Four different square, rectangular, trapezoidal, and complex straight channels with the same length and hydraulic diameter of 5 cm and 75 μm were designed to investigate the effect of channel geometry on elasto-inertial focusing. Figure 2 shows the cross-sectional optical micrograph of the channels with their corresponding dimensions.

FIG. 2.

Schematic of the channels with corresponding dimensions and cross-sectional optical micrograph of the PDMS microfluidic chips.

FIG. 2.

Schematic of the channels with corresponding dimensions and cross-sectional optical micrograph of the PDMS microfluidic chips.

Close modal

Microfluidic devices were fabricated via soft lithography on aluminum master mold by pouring a 10:1 degassed mixture of polydimethylsiloxane (PDMS, Sylgard 184, Dow Corning) and curing agent on the molds. Then, after 2 h of curing in an oven at 65 °C, a cured PDMS block was carefully peeled off from the master mold and its inlet and outlet punched through for fluidic access. Finally, the PDMS block was cleaned by 2-propanol to remove the dust and debris and bonded to a cleaned PDMS slab using an oxygen plasma cleaner (Harrick Plasma, PDC-002). It should be noted that the complex channel mold can be easily fabricated by milling a rectangular geometry on an aluminum mold, followed by cutting the upper edges to form the final shape. (Additional information about master mold fabrication and accuracy of the channels can be found in S2 in the supplementary material.)

Firstly, elasto-inertial focusing in a straight square channel was investigated to better understand the physics of focusing in viscoelastic fluids. Then, the effect of flow rate, velocity gradient, channel geometry, and corner angles on focusing patterns was comprehensively studied. On the basis of that work, we proposed a new complex channel to obtain a tighter focusing band compared to the other channels under the same hydrodynamic conditions. Finally, we showcased the focusing of 3 μm particles and Saccharomyces cerevisiae cells in the complex channel.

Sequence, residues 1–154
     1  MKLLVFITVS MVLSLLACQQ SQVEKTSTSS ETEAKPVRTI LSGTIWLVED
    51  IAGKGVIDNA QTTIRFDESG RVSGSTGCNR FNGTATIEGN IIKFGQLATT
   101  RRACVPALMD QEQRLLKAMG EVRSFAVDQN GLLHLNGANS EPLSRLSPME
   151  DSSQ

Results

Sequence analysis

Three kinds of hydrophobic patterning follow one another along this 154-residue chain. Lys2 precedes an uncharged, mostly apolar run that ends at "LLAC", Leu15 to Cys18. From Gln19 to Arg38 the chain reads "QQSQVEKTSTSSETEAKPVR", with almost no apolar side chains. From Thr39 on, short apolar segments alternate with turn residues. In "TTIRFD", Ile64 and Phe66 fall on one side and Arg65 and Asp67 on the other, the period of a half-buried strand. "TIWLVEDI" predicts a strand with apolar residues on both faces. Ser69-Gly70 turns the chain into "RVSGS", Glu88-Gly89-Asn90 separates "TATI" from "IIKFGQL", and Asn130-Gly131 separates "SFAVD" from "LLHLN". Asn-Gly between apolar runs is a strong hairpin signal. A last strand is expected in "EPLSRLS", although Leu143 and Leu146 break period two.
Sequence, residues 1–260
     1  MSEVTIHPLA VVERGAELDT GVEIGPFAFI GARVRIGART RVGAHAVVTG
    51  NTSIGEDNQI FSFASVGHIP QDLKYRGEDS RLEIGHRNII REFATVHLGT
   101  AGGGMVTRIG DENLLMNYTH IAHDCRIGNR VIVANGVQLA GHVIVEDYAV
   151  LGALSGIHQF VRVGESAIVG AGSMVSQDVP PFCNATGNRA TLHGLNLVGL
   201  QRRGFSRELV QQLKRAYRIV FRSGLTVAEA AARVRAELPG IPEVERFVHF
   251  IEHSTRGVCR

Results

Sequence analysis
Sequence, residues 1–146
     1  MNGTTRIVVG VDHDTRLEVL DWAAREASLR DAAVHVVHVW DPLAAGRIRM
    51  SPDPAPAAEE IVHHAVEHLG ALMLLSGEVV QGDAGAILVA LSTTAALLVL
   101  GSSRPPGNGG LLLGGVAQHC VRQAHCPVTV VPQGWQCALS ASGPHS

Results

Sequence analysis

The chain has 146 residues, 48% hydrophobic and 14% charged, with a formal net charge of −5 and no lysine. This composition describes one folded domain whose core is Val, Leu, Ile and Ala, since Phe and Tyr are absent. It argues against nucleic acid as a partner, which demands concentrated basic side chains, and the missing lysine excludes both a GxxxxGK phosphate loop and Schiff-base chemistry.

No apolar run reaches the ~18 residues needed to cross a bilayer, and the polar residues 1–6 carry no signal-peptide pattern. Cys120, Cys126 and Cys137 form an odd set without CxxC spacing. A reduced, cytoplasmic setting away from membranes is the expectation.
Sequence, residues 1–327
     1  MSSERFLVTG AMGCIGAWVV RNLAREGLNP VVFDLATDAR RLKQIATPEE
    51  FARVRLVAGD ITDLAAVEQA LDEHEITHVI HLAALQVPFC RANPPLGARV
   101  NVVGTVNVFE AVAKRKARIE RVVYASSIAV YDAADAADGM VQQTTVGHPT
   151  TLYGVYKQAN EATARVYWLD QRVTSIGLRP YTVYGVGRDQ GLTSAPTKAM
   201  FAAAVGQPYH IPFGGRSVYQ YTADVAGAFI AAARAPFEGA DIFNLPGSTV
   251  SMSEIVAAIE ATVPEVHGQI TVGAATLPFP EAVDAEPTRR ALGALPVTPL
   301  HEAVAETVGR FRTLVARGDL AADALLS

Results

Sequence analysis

Figure 3(a) shows the focusing of 10 μm particles in the straight square channel for different flow rates and solutions. As can be seen, for Newtonian solution and flow rates less than 75 μl/min, particles remain scattered within the given channel length as the inertial force is not strong enough to push entire particles toward their equilibrium positions. However, for Q ≥ 100 μl/min, four distinct focusing bands form due to the strengthening of inertial forces. But for the PEO solution, focusing starts to occur at very low flow rates. It begins with five bands (at corners and the center) at 1 μl/min, followed by one and four focusing bands for flow rates up to 75 μl/min and more than 100 μl/min, respectively. (A video showing the numerical results for focusing of 10 μm particles can be seen in movie 1 of the supplementary material.)

FIG. 3.

The mechanism of elasto-inertial focusing in the square channel. (a) Experimental results for focusing positions of 10 μm particles. (b) Numerical results indicating the focusing positions in PEO solution for flow rates of 1 and 25 μl/min. (c) and (d) The inertial and elasticity force vector plot in the cross section of the channel. (e) and (f) Nondimensional applied elasto-inertial forces on the particles for flow rates of 1 and 25 μl/min, respectively.

FIG. 3.

The mechanism of elasto-inertial focusing in the square channel. (a) Experimental results for focusing positions of 10 μm particles. (b) Numerical results indicating the focusing positions in PEO solution for flow rates of 1 and 25 μl/min. (c) and (d) The inertial and elasticity force vector plot in the cross section of the channel. (e) and (f) Nondimensional applied elasto-inertial forces on the particles for flow rates of 1 and 25 μl/min, respectively.

Close modal